Awaken To A World Of Magic With Mage The Ascension 20th Anniversary Edition
  • Awaken To A World Of Magic With Mage The Ascension 20th Anniversary Edition


    Weighing in at 680 pages, Mage: the Ascension 20th Anniversary Edition (M20 from here on out), like any forbidden tome of arcane knowledge worth the name, is a massive brick of a book.


    To be fair, M20 had to encapsulate a complex cosmology, intricate rules for reality-bending magic, and a decade of at-times controversial metaplot into a cohesive whole. Satyros Phil Brucato, long-time Mage developer, co-helms the project, partnering with industry stalwart Bill Bridges; Brucato and Bridges are in turn backed up by a host of luminaries from White Wolf's golden age, all of whom worked on Mage at one time or another.

    The book is broken down into three sections: Awaken, Believe, and Ascend. Roughly, these present (respectively) the world of Mage, the character creation system, and the game rules. The book is full color throughout, and the illustrations are gorgeous and well-placed within the text and layout.

    Like in all other World of Darkness games, M20 players create characters who are both endowed with supernatural powers and forced to exist in a secret world cut off from the vast majority of humanity (called "Sleepers" in M20). Mages are themselves mere humans, albeit ones who have unlocked the core secret of the universe: reality is plastic and changeable, dependent upon mass consensus. The ultimate goal of any Mage is to achieve Ascension: mastery of reality and transcendence beyond earthly limits. Every Mage sees their own Paradigm of reality, which informs their membership in one of a variety of Traditions: everything from mystical martial artists to pagan witches and warlocks to technomancers who use science as their form of Magick.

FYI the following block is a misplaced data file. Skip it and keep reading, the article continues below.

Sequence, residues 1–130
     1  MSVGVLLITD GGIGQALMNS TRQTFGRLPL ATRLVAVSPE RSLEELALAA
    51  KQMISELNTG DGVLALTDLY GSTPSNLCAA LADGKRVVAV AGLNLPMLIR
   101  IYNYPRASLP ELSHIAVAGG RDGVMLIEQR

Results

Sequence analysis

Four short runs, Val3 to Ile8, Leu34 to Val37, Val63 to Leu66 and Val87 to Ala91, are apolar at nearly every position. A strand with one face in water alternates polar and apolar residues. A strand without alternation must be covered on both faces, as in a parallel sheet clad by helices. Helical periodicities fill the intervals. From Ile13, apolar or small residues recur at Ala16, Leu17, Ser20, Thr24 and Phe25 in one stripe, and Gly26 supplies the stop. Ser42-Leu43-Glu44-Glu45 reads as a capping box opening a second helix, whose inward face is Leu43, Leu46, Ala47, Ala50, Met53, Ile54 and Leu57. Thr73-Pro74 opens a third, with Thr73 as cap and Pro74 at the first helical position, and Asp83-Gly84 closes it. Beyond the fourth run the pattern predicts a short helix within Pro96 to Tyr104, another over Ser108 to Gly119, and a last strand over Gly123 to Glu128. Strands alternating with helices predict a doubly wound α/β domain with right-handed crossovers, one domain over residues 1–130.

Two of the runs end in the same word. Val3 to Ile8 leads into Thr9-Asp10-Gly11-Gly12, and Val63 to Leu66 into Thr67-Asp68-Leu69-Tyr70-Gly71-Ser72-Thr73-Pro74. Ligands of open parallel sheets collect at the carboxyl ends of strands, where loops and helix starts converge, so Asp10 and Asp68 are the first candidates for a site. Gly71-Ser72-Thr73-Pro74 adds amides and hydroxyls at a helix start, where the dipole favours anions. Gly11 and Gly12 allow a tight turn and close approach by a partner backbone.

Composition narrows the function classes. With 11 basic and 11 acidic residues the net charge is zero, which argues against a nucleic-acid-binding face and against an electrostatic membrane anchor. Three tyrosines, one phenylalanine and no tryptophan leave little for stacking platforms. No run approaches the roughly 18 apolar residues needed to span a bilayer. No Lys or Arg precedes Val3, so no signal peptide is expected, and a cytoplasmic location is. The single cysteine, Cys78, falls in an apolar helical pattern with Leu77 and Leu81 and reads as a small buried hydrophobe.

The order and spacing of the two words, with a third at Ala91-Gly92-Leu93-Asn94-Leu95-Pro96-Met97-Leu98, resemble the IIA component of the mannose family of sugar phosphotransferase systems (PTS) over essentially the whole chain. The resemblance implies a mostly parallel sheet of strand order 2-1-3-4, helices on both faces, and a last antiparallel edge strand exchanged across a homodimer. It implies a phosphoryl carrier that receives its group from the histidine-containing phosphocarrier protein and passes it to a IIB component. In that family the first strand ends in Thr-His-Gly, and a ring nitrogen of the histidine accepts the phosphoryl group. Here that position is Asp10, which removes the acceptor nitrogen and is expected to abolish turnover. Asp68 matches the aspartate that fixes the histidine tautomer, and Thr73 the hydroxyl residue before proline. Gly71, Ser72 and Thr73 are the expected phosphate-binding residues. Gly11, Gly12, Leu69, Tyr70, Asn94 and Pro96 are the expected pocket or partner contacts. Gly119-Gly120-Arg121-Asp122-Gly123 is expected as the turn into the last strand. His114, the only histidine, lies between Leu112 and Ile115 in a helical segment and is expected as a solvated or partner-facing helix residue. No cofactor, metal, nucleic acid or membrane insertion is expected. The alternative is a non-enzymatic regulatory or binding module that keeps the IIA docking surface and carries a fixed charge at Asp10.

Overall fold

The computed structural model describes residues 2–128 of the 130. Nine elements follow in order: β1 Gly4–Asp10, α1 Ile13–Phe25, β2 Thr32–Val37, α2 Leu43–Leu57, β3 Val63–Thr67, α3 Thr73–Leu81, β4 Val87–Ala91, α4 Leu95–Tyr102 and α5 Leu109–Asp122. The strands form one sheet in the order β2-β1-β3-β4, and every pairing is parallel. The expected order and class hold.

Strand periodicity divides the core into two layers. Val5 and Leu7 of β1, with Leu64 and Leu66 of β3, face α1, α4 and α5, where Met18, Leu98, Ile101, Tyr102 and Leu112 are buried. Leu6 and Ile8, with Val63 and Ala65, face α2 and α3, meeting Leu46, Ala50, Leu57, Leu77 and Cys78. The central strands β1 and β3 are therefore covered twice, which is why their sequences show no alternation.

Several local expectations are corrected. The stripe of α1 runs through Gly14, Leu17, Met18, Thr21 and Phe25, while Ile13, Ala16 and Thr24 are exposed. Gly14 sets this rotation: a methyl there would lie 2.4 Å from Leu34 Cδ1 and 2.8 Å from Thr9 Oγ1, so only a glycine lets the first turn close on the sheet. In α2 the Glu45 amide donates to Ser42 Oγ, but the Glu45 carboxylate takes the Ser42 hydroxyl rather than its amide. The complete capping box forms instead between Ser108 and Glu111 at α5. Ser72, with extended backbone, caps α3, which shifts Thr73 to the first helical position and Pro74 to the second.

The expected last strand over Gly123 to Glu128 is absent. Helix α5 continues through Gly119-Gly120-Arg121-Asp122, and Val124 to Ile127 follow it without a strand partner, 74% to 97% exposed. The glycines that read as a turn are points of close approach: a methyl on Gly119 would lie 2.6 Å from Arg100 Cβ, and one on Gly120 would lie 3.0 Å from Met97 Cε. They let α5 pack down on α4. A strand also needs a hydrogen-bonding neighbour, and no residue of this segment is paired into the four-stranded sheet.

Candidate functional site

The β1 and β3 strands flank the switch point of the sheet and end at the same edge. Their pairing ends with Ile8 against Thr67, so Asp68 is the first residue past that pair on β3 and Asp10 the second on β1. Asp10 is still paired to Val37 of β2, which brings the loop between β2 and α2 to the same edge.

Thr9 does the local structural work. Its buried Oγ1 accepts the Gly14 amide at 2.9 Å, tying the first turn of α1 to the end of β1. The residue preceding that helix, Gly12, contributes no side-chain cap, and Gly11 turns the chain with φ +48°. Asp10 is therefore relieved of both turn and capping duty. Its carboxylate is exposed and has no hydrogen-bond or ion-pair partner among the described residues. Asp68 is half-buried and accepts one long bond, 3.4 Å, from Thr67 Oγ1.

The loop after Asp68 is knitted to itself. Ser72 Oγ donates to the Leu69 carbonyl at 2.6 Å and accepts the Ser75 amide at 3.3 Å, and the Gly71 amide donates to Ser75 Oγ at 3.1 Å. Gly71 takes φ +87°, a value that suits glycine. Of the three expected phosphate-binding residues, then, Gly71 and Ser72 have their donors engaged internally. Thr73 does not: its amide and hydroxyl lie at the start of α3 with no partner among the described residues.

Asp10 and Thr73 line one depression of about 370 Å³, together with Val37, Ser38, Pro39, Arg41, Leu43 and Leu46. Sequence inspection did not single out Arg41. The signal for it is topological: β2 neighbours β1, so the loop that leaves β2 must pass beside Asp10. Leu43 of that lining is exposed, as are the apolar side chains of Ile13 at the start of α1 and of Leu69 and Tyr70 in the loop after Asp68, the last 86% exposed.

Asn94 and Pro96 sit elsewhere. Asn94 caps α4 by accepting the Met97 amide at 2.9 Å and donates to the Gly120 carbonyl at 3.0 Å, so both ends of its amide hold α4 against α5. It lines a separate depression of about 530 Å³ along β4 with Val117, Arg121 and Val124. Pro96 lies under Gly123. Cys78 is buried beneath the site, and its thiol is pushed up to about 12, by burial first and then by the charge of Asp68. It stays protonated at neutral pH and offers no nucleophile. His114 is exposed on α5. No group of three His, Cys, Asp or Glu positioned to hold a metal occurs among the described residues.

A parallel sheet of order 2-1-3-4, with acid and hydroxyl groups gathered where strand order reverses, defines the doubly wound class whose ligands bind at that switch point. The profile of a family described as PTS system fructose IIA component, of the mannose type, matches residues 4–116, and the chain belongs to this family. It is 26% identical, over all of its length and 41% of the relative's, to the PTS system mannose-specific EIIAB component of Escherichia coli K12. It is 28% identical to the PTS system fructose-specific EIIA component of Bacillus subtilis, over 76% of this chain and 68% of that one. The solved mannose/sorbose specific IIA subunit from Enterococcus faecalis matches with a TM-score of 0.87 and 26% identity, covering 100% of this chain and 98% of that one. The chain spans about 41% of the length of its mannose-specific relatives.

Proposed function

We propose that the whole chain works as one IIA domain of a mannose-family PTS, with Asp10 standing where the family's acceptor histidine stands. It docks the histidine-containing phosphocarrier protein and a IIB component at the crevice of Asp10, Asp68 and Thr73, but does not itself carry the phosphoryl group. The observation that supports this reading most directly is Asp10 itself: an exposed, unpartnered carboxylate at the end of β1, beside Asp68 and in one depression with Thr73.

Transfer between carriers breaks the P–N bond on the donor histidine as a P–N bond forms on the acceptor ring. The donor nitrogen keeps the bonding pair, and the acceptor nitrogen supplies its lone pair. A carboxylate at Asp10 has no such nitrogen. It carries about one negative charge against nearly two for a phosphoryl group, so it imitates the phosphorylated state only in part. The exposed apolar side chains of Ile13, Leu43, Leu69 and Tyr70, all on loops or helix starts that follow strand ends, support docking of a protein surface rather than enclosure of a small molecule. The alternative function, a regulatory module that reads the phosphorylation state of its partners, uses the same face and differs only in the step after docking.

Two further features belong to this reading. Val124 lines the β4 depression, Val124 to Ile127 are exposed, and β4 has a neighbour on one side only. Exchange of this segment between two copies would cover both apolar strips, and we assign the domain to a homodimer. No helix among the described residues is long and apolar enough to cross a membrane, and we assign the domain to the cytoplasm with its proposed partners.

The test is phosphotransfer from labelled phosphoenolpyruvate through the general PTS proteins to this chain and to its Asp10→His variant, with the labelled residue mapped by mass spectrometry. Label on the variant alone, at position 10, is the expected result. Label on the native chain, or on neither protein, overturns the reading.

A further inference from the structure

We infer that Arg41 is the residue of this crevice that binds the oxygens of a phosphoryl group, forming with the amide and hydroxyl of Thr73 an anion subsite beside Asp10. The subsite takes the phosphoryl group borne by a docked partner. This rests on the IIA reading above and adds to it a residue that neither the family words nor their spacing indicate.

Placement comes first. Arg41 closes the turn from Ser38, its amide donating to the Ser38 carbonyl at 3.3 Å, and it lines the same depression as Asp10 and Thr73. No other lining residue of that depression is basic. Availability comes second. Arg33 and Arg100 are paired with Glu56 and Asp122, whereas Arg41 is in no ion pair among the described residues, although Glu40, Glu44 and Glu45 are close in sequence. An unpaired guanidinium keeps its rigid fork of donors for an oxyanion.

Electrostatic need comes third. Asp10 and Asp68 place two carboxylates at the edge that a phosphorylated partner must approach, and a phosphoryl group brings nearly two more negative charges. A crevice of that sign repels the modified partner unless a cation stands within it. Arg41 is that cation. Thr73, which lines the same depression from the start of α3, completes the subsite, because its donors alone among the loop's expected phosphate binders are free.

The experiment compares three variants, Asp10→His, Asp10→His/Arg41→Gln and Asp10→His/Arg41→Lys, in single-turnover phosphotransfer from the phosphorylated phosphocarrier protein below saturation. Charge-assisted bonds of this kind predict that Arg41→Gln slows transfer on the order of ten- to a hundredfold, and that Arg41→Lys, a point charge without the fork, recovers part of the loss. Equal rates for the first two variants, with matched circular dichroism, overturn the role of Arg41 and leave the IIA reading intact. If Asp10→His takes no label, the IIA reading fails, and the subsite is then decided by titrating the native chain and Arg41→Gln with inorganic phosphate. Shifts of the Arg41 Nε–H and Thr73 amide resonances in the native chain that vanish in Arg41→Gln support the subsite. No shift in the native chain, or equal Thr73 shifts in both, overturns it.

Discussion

The Magick system itself is, naturally, Mage's crown jewel. Both the game's greatest feature and weakness, it is a wide-open, high-concept toolkit system that allows players to try nearly anything they can imagine. Mages develop mastery of the nine Spheres, the building blocks of reality. By combining and manipulating these Spheres, Mages "build" their spells, warping reality to their will. The only real limit is the need for subtlety, for committing a gross violation of the "laws" of reality (as understood by the Sleepers) leads to Paradox, which is very bad news indeed.

    Mirroring the game's theme that reality is what you make of it, the book is sprinkled with "Future Fates" sidebars, which present narrative developments as a sort of buffet lunch, with individual Storytellers free to decide what could occur, what has occurred, and what hasn't occurred. There are many other references to the history of the game, fitting for a 20th-anniversary edition, though it does tend to make M20 a more rear-facing game than its sister lines, which more explicitly seem to update vampires and werewolves for the 21st century.